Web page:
Ventilator Management Part I: Pulmonary Physiology

Dr. Sara Crager reviews pulmonary physiology in part one of her lecture on ventilator management.

Harshad W. -

Such a good teacher!! Loved this.

cecil t. -

I have watched the lectures twice, and they are great.
My only concern is that I stumbled on them when I logged into the website, it doesn't populate in my app feed for whatever reason.
This really helped clarify and codify some vital teaching points for me, thanks again.

Natalya G. -

A must watch, I truly loved how she simplified using visuals. Thank you for that! I hope EMRap continues to provide explanations as this, where it combines both, the auditory and the visual portions.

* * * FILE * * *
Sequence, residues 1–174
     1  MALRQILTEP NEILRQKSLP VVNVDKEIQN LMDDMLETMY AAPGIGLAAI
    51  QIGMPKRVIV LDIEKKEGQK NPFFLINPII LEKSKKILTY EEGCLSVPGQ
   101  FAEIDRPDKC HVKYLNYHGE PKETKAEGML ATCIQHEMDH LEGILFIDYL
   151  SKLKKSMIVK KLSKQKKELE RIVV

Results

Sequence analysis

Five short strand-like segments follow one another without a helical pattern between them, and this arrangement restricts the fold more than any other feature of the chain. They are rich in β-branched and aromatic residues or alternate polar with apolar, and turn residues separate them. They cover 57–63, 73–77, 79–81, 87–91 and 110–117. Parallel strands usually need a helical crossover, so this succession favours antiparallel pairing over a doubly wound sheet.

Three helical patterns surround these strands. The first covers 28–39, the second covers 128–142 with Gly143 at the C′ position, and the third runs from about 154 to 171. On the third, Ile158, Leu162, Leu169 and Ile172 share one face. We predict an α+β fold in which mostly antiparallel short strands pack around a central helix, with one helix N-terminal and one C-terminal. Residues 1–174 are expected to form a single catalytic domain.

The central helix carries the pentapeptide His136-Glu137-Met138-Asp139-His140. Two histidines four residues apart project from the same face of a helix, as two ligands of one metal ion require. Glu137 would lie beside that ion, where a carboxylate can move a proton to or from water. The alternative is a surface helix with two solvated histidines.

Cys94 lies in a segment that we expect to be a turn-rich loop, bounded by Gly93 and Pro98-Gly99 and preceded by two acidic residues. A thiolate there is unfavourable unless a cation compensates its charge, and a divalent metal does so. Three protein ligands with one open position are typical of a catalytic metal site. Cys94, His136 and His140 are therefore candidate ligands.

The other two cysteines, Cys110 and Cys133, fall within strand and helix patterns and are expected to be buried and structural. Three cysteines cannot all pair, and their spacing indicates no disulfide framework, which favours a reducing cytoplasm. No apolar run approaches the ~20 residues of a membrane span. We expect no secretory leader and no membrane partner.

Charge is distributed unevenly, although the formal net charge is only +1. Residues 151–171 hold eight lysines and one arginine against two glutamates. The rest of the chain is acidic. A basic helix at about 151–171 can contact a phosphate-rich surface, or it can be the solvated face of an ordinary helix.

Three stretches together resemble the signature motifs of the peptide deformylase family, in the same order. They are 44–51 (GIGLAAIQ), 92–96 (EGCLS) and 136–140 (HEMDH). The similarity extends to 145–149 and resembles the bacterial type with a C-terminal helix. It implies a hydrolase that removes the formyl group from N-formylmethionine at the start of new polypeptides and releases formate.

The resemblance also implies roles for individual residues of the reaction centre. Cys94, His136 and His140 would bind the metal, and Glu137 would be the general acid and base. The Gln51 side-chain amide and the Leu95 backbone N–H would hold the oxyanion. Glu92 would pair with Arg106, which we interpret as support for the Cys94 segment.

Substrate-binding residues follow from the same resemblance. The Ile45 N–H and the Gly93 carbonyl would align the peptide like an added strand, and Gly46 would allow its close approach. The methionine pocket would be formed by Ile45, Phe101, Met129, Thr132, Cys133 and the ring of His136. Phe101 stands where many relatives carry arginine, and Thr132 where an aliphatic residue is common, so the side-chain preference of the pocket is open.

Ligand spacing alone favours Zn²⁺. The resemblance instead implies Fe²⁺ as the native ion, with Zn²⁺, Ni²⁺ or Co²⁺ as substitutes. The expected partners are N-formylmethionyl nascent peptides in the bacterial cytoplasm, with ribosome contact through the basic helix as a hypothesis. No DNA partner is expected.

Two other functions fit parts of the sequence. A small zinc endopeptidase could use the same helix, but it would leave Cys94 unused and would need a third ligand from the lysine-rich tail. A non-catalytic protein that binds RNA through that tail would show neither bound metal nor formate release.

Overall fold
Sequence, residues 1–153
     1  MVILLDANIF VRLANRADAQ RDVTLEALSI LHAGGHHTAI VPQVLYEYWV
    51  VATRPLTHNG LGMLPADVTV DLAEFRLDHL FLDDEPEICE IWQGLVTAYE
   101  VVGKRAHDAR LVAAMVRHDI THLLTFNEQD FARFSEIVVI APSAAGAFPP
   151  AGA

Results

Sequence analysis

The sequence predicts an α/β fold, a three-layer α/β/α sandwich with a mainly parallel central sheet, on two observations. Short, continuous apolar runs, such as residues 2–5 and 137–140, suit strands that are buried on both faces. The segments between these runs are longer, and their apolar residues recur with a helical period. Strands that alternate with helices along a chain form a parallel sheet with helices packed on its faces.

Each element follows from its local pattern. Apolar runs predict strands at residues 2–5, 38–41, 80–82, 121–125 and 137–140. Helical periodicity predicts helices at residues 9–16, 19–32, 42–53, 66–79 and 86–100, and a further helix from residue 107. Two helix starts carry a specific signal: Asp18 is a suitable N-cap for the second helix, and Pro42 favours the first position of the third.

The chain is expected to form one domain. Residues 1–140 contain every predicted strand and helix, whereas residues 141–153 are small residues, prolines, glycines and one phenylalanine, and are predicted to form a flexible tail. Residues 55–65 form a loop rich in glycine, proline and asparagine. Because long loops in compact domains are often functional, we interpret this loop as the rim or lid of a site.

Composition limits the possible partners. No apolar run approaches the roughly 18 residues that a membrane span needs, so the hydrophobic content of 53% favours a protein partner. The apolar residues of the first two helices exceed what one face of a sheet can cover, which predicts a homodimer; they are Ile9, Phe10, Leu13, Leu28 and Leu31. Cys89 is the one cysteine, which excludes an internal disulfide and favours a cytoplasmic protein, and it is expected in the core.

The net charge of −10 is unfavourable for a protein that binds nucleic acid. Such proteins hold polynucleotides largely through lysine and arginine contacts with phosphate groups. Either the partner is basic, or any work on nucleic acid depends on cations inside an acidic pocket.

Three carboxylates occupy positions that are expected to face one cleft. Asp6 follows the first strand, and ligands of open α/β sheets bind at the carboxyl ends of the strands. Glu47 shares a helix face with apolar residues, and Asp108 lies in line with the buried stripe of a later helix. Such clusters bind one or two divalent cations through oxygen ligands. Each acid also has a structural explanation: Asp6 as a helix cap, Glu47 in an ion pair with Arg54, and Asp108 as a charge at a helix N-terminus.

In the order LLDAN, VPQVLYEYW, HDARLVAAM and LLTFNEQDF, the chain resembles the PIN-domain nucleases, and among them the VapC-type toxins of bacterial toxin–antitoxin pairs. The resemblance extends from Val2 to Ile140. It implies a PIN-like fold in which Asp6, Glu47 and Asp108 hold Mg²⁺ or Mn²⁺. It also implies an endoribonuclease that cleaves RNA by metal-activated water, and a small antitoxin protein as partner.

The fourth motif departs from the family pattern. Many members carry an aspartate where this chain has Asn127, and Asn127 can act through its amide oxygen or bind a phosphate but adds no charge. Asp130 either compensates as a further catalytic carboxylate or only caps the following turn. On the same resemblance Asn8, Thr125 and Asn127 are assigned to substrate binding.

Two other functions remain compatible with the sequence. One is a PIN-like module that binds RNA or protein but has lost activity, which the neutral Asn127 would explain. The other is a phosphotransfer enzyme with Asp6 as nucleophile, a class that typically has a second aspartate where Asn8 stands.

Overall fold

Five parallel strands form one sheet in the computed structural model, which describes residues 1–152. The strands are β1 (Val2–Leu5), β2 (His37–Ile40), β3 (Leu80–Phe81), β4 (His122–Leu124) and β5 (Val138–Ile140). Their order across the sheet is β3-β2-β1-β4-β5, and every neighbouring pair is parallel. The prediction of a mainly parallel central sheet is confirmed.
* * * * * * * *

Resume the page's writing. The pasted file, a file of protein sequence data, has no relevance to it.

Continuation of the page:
Todd H. -


Amazing stuff.. Help me please with PE pathophysiology based on your concepts of Hypoxic and hypercarbic resp failure. Most of my PE pts are hypoxic and are able to ventilate and actually have lower pco2 then normal. PE to my mind looks like your model of pulm capillary dysfxn with no perfusion to healthy alveoli. This should increase alveolar dead space and raise Co2 and leave PaO2 alone. Unless the pathophys in PE is actually dysruption to the alveoli-cap interface from inflammatory mediators and clots.. Please advise Thanks

John S., M.D. -

I think you misspoke at 05:57. You said ..."proportional to the RESISTANCE..." when I think you meant RADIUS.

Lance M. -


Jay H. -

Small correction...flow is INVERSELY proportional to the fourth power of the radius. Great lecture series for review of ventilators.

Sudhir P. -

Jay both the items are in the numerator so this is not correct. A large pipe moves more volume than a small pipe...does it not? Just thinking this through. Stay safe!!

Derrick H. -

Excellent presentation! I honestly wish this was the lecture I was given back in med school for my pulmonology class.

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